Storms beset financial markets to close the week and, as far as cotton was concerned, more than figuratively.
The most important tempest concerned the heightened tensions between the US and China, after Beijing ordered the Washington to close its mission in Chengdu. This after the US earlier this week forced Chinese officials to quit their Houston consulate.
Many markets took the news badly, with the S&P 500 share index down 1.1% in afternoon deals, after a 3.9% slump in Shanghai stocks, while London shares dropped 1.4%.
Brent crude traded 0.8% lower at $42.96 a barrel while, by contrast, the haven of gold added 0.8%, topping $1,900 an ounce at one point for the first time since September 2011.
Among ags, cotton took the deterioration in China-US relations particularly badly, plunging by 3.7% to 59.70 cents a pound in New York for December delivery.
The dismal US export sales data for last week, as released on Thursday – showing net cancellations of some 2,200 running bales of upland cotton, new and old crop combined – signalled that China, by far the most notable buyer of US cotton post-Covid, had stopped buying for now.
Now, the deteriorating Washington-Beijing relations hinted that China’s cotton importers may not be coming back to the US any time soon.
Added to this was some positive production news, in terms of rains for dry parts of West Texas, the key US cotton-growing region.
“West Texas is going to get some monsoon rains coming in from the Pacific,” Jack Scoville at Price Futures said, adding that Tropical Storm Hanna was set to provide some moisture too, although more to eastern Texas.
“This should do some good to the crops there,” he told Agrimoney, if noting that for many fields the best that could be expected was a stabilisation of yield potential.
‘Temporarily tight situation’
Soybeans, another key US export to China, suffered a bit too – but less so, with ideas that trade in the oilseed is less likely to suffer, given that China has less choice in alternative markets.
“The Chinese are buying beans and could continue to purchase US beans into August,” said John Walsh at Walsh Trading.
“The Brazilian has sold himself into a temporarily tight situation. The Argentinian market is mired in political issues.
“This opens the door for the US despite the political wars going on.”
The US Department of Agriculture announced the sale of 252,000 tonnes of soybeans (all but 6,000 tonnes for 2020-21) to an “unknown” buyer, but which many investors felt was likely to be China, with talk, as common of late, of interest in further purchases too.
Oil vs meal
Chicago soybean futures for August stood 0.3% lower at $9.04 a bushel, with the new crop November lot down a modest 0.1% at $8.98 ¼ a bushel.
Soymeal offered some support, in edging 0.1% higher to $293.40 a short ton for September, the best-traded lot, after the USDA also revealed the sale of 133,000 tonnes of the feed ingredient to the Philippines for 2019-20.
Soyoil futures for September eased by 0.3% to 29.83 cents a pound despite the surge in rival palm oil, which closed up 2.6% at 2,778 ringgit a tonne in Kuala Lumpur amid mounting concerns over the hit to South East Asian production from recent floods.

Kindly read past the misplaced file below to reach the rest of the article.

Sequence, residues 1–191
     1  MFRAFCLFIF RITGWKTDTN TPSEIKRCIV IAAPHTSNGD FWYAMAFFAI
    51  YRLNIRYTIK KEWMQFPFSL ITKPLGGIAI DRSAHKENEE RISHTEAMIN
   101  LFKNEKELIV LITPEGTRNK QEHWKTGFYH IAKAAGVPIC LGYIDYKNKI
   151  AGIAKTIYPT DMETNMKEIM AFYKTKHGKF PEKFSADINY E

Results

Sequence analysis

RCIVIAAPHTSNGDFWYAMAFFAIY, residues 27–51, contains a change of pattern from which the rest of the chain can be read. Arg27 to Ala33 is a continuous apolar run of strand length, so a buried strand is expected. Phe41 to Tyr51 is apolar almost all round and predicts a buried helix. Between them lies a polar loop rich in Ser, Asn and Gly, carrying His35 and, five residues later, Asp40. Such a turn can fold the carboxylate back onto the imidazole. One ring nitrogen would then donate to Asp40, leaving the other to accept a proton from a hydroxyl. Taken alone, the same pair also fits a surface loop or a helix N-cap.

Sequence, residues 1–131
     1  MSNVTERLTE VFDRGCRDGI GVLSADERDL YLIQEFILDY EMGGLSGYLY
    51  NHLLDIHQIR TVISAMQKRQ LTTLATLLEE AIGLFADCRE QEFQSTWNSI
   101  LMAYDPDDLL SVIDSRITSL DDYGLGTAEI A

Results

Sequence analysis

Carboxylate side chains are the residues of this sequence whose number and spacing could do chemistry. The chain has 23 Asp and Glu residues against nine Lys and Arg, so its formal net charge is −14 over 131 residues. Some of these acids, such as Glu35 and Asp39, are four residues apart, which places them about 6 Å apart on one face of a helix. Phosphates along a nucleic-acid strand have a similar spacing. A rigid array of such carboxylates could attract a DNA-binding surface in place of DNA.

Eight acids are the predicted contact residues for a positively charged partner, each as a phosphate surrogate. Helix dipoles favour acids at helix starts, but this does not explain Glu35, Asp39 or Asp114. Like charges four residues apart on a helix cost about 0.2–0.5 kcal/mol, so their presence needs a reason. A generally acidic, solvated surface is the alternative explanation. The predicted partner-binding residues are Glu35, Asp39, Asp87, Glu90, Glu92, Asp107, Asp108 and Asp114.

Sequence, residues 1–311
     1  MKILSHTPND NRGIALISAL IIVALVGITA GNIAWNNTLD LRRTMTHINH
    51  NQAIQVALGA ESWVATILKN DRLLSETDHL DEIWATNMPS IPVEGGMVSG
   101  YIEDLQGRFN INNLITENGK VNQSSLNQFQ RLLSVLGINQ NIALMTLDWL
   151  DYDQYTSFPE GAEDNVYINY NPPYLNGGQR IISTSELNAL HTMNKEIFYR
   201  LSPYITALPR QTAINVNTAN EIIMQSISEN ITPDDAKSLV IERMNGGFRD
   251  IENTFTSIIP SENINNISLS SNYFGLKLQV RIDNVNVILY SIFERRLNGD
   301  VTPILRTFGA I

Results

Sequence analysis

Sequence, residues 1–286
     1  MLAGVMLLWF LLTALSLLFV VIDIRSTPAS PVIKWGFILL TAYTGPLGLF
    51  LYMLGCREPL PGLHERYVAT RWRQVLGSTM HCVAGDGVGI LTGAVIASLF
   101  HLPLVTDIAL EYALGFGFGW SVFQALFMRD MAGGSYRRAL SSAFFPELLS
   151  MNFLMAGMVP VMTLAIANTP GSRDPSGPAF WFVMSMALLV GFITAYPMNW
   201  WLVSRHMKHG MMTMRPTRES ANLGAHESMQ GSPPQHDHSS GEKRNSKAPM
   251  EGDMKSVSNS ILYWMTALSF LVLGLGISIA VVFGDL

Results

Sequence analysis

“Soyoil is something we in the US have got,” Mr Scoville said, adding that without the same supply worries as palm oil it was “having trouble holding its own”.
Some investors have pointed at the oil share (ie the proportion of the value of soybean processing products accounted for by soyoil) having earlier in the week approached 35%, an elevated (if not unprecedented) level, up from 28% in March, but now eased back below 34%.
Corn, which has also relied a bit on Chinese demand of late, fell by 0.5% to $3.26 ¼ a bushel for September, while the December lot eased by a more modest 0.2% to $3.35 a bushel in late trading.
Furthermore, for the Midwest a “non-threatening weather forecast with temperatures cooler in the 6-10 day forecast supports potential for above-trend” corn yields, Benson Quinn Commodities said.
Maxar said that “rains in west central Midwest areas by late weekend should improve moisture there, with improvements in south west areas later next week.
“Above-normal temperatures are expected this weekend, but temperatures should be near normal for the balance of the 15-day period, limiting the potential for heat stress.”
‘Futures up sharply’
It was left to wheat to hold up hopes for grain bulls, adding 1.5% to $5.37 ½ a bushel for Chicago soft red winter wheat for September (whose credentials for a premium are discussed by Agrimoney here).
Kansas City hard red winter wheat for September stood up 1.4% at $4.47 ½ a bushel.
The headway was attributed to a somewhat delayed reaction to Thursday’s International Grains Council briefing which cut estimates for harvest in many exporting countries – besides ideas that China remains interested in US supplies.
“US wheat futures were up sharply on follow through bullish sentiment from IGC’s outlook for tighter global supplies and talk of China import interest for US wheat,” said Terry Reilly at Futures International.
Thursday’s USDA export sales report confirmed two cargos of US soft red winter wheat bought by China.
CHS Hedging also noted that “outstanding US wheat export sales for the year at 5.516m tonnes are running ahead of last year,” at 5.106m tonnes, with actual shipments a touch higher too.
Meanwhile, Paris wheat futures for December offered a bit of support in closing up 0.9% at E186.50 a tonne, ending back above 100-day and 200-day moving averages, despite the headwind of a firmer euro.